A collaborative approach to facilitate professionals to support the breathless patient

Breathlessness is a major problem for people in their last weeks of life. Breathlessness is considered to be multidimensional with physical, psychological, emotional, social and spiritual factors all playing a part | BMJ Supportive & Palliative Care

B0010196 Visualising the human breath ("Breathe"), Artwork

Image source: Jayne Wilton – Wellcome Images // CC BY 4.0

Image shows artwork – visualising the human breath (“Breathe”)

Objectives: It has been recognised that specific training to health professionals is beneficial in order to improve the care for patients with breathlessness. Breathlessness courses have tended to focus on senior nurses. A new flexible and collaborative training course was designed to include a wider range of nurses and other health professionals in hospital, hospice, primary care and community settings. The aim of the ‘Practical Skills to Support the Breathless Patient’ programme was to make patients and carers feel better supported in their breathlessness, for health professionals to develop confidence and skills in using proven interventions, and to adopt a flexible educational design that could be adapted to different contexts.

Methods: The course is learner-centred and teaching methods encourage interaction and participation via a mix of lectures and discussions with practical skills-focused, experiential workshops in smaller groups. Case study work was included to integrate learning with participants’ practice environment. Evaluation is built in during the course, so adaptations can be made throughout to respond to changing learner needs.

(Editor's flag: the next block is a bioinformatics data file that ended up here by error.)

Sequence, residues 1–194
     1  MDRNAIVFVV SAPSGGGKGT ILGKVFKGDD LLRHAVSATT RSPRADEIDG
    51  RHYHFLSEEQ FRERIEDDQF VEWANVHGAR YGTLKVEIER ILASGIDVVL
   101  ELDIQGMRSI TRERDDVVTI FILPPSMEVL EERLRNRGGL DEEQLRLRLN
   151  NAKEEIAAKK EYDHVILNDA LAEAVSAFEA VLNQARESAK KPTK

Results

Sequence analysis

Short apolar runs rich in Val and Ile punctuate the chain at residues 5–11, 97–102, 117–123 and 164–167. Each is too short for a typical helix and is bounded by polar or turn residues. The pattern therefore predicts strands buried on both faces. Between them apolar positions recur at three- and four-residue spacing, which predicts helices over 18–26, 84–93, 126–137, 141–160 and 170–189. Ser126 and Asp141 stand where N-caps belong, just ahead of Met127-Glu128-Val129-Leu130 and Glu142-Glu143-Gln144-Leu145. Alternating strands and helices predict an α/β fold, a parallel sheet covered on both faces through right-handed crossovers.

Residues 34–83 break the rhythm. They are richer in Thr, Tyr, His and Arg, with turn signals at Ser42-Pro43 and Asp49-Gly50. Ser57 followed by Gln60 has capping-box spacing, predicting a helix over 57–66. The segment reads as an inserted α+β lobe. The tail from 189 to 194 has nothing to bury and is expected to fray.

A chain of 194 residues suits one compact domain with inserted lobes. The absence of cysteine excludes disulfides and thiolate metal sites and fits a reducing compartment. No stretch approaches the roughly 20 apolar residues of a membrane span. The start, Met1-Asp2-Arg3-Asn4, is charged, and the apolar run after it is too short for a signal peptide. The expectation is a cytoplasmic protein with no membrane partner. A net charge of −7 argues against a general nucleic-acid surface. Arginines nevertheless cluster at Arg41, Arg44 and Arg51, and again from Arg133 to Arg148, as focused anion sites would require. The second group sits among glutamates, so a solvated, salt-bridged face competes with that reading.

Results: Participants reported increased confidence in terms of knowledge and applying this within everyday practice. The theory-practice dynamic worked well within each participant‘ specific work context in particular through the case study approach.

Conclusions: The course developed a number of innovative approaches, such as multi-disciplinary learning groups, regular feedback loops, reflexive learning about putting theory into practice and long-term follow-up. Combining these elements increases professionals’ confidence and sustains new clinical practice.

Full reference: Shaw, V. et al. (2017) A collaborative approach to facilitate professionals to support the breathless patient. BMJ Supportive & Palliative Care Published Online: 22 July 2017

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